Saturday, April 28, 2007

A Phone Company Rant

I'm sure there's a difference between the phone company and a team of highly-paid professional sadists, but I can't think of any offhand.

For instance, this morning I tried to dial a number I saw in the local paper's classifieds. I immediately got the saccharine-sweet computer voice of the phone company, that woman who sounds like she'd happily offer me an apple pie while simultaneously poking me with a sharp stick. "We're sorry," she says, not sounding sorry at all, "it is not necessary to dial a 1 before this number. Please hang up and try again."

So the phone company knows what number I am calling from. It knows what number I am calling to. It even knows what numbers I am or am not supposed to dial before the actual number. And yet with all that information, do they use a computer to figure out what the proper dialing sequence is and go ahead and connect me? Oh no, that would be logical. That would be kind. That might have the disastrous effect of making my dealings with the phone company pleasant, and we can't have that, after all, can we? I mean, Rule 8, Paragraph 12 of the Phone Company Code is very clear on this matter:

Make every experience having to do with the phone as painful as possible.
In fact I understand that originally the standard phone handset contained an exposed wire designed to shock the customer whenever a number was dialed. Luckily electric prices went through the roof and they had to abandon that idea.

In any event, instead of using that wealth of information about who I am trying to get in touch with to actually, you know, help me get in touch with them, the phone company in its infinite wisdom instead uses their massive computer system to route me to a pre-recorded phone message telling me what I should have done, and then telling me to hang up and try again!

Why can't landline companies be like my cellular service? Cingular doesn't care if I'm calling my wife in the same room, or if I shouldn't have dialed a 1 or the area code, or if I need the area code AND the 1, or anything else -- I dial all the numbers the same and they figure it out, connecting me to the person I'm trying to call.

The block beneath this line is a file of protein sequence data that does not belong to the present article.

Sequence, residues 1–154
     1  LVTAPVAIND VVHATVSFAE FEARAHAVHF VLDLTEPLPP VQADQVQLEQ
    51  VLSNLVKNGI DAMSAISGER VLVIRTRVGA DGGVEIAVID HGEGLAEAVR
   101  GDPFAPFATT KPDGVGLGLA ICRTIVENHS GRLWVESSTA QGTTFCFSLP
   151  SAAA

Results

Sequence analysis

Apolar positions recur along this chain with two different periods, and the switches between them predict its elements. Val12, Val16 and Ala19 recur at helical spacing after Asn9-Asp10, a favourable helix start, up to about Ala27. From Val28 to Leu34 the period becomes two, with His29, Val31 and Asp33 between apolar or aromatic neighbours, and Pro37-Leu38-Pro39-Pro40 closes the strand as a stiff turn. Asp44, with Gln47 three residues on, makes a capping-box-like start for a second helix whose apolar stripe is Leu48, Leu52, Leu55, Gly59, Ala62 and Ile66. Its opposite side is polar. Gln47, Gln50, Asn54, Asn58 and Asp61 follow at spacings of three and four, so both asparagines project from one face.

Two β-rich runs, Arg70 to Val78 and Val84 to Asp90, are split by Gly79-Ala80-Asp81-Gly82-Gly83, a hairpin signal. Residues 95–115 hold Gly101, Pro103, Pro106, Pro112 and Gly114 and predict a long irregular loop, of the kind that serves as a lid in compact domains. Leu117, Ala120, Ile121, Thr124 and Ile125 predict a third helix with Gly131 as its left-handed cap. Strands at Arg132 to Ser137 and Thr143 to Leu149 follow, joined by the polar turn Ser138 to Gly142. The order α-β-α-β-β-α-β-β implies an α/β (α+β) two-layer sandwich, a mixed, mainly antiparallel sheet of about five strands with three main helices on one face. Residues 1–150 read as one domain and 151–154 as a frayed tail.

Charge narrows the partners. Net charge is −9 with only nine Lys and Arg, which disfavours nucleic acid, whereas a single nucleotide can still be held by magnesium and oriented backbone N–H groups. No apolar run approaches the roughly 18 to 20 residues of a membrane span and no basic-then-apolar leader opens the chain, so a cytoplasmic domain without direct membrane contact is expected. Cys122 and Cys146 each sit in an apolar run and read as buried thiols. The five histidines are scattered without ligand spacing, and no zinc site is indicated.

I don't understand why landline companies have gone through so much trouble to tell me what number I should have dialed, yet don't take the extra step to just dial it the right way for me already.

Maybe if I promise them I'll shock myself with a live electrical wire every time that message comes up they'll give in. It's worth a try.

3 comments:

carlsonjok said...

I think it has to do with how landline calls are routed. Specifically, I believe that they are routed digit by digit and, by virtue of having dialed "1", the call has already been routed to a long distance gateway before you have completed dialing the number. Wireless calls, on the other hand, are dialed in their entirety before being sent from your phone into the network.

That is my speculation, anyways. I do know a number of people on a Yahoo discussion group who used to do switch architecture and programming before they retired. I've already posted the question.

Jeff Hebert said...

Thanks carlsonjok! I'll be interested to hear what the real reason is. Of course then I might not be able to hate the phone company with the full power of my righteous indignation. Curse reason and knowledge!

I do realize it's easier for a relatively newer technology like cellular to improve on the quirks a long history has saddled older technology like landlines with. You get to sort of skip the bits that are annoying without having to worry about billions of wasted dollars in infrastructure or upgrades needed. I suppose that's one reason countries like India and developing African nations are skipping whole generations of technology like land-based phone lines and such and skipping right ahead to the newer techniques.

Still, it's really irritating, especially given that I live out in the country and so there are three different area codes close by, and all three are sometimes dialed with a 1 and sometimes not. There's no good way to know what you're supposed to do until you get that computer voice.

I wonder if the woman whose voice that's based on gets lots of angry reactions from people in real life when she speaks, without them even knowing why the sound of her voice is driving them mad. Hmmm ...

carlsonjok said...

Well, I got more than I bargained for. I got several responses that essentially talked about the oddities of dialing various numbers in the commenters area. 7, 10, and 11 digit local calls are apparently all common and resulting from local company conditions. Additionally, there is generally no physical impediment to routing calls intelligently based just as you describe. There are, however, more important issues than technology at work here. Namely, money! I reproduce one paragraph that I think specifically addresses your point:

"In jurisdictions where "1+ means a toll call", the state authorities
prefer to "train" callers by providing the announcement (so in future they will know the call is NOT a toll call and not use "1+"). In areas served by some electro-mechanical switches in rural areas, dialing "1"
selects an outgoing toll trunk. This presents complications in revenue tracking and sharing if the call was be completed as a local call. So the authorities don't want folks routinely dialing local calls with "1+". (There are other billing and equipment engineering issues involved, but this isn't an engineering forum.)


So, there you have it. You are free to continue to rant at the phone company!